Did the news come as a surprise to Varley?

“Our concern, which we've expressed to the BBC and to government, is that the public are well served – particularly at times of high-impact and dangerous weather,” he says. “The Met Office has a key role in that we're part of the civil-resilience community, so whether it's a weather-related hazard, or some other emergency where weather is a contributory factor, like a nuclear disaster, we are part of the government response. 

“At the moment, all of that is completely joined-up. So our concern is that by [the BBC] choosing to seek an alternative provider, the public get conflicting messages. That's where our attention is now directed, and we're in conversation with the BBC as well as with the Cabinet Office and others in government to find a way of ensuring that the public continue to be well served.”

A few days after news about the contract broke, The Guardian – not generally known for its public sector bashing – published a surprisingly critical editorial, referring to the Met Office’s “bad record of technological innovation”, and pointing to the lack of a good enough mobile phone weather app as “a key problem in the latest tendering”. It also cited the comments of former weather forecaster John Kettley, who said the Met Office lost the contract because they wanted too much money from the BBC. What would Varley say to those criticisms?

“All I would say is that almost everything I've seen reported in the press in the days and weeks after that story broke was wrong. Completely misinformed,” he replies.

So what was the reason for the BBC deciding to go elsewhere? 

“I think it's complicated, and it's not an easy thing for me to verbalise in this context. They are a free and independent organisation and they've made their own choices for their own reasons. My view is that the consequence will be that the interests of the nation will not be best served. And that's my concern.” 


In 2014, Varley’s predecessor John Hirst told CSW that pay levels at the Met Office – which, despite being a trading fund is still subject to public sector pay restraint – were 20-30% behind the market in many key technical jobs. Hirst said that of 1,900 staff he had 110 vacancies; that the Met Office was turning away commercial work because it couldn’t staff it, and that his organisation found itself training people only to lose them to better paid careers elsewhere.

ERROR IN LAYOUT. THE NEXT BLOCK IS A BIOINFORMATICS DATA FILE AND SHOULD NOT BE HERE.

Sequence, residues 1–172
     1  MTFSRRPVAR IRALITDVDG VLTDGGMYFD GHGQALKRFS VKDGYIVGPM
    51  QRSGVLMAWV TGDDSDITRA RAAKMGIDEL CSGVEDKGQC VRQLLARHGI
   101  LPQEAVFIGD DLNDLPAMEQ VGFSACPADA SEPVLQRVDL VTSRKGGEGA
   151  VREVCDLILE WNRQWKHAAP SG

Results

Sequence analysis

“Everything is the same and the problem is worse,” Varley replies, when asked if Hirst’s comments still ring true. 

The situation was compounded by the chancellor’s announcement in July of five more years of pay rises capped at 1%, he adds. “We've argued passionately that there needs to be some relief from this to enable us to maximise our value to the nation. That's all I'm interested in. And I'm not asking for any more money for this, because within the trading fund I can spend the money I have either on more poorly-paid staff or fewer higher-paid staff, I can flex between hardware and software, and systems and people – I have that freedom. So I'm simply asking for the freedom to spend the money I have in the way that I judge to be the most effective. And given the choice I would spend it in such a way as to give those specialist people higher salaries in order to achieve more for the nation.

“I completely understand the concerns within government about controlling public spending. But from my own point of view, this is just becoming more and more of a serious problem, and ultimately we risk our ability to deliver what we deliver. We are world-leading. And we deliver fantastic value. One of the reasons that we do is that the people who work for us work for less money than they would otherwise have to be paid, and of course the public get the benefit of that cheaply. But it won't continue. If we carry on with the differential getting bigger and bigger, we'll get to the point where it simply can’t keep people, and then the quality will begin to drift.” 


In an early episode of The Simpsons, viewers are treated to a flashback to the 1970s in which Springfield’s resident mad scientist, Professor Frink, offers his prediction for the future of IT. “Within 100 years, computers will be twice as powerful, 10,000 times larger, and so expensive that only the five richest kings of Europe will own them,” he declares. Frink’s prophecy is, of course, wildly inaccurate. But it’s hard not to think of it when hearing about the Met Office’s new supercomputer: occupying the same amount of space as several football pitches and costing a cool £97m, it will – when fully installed in 2017 – be the largest and most powerful weather computer in the world.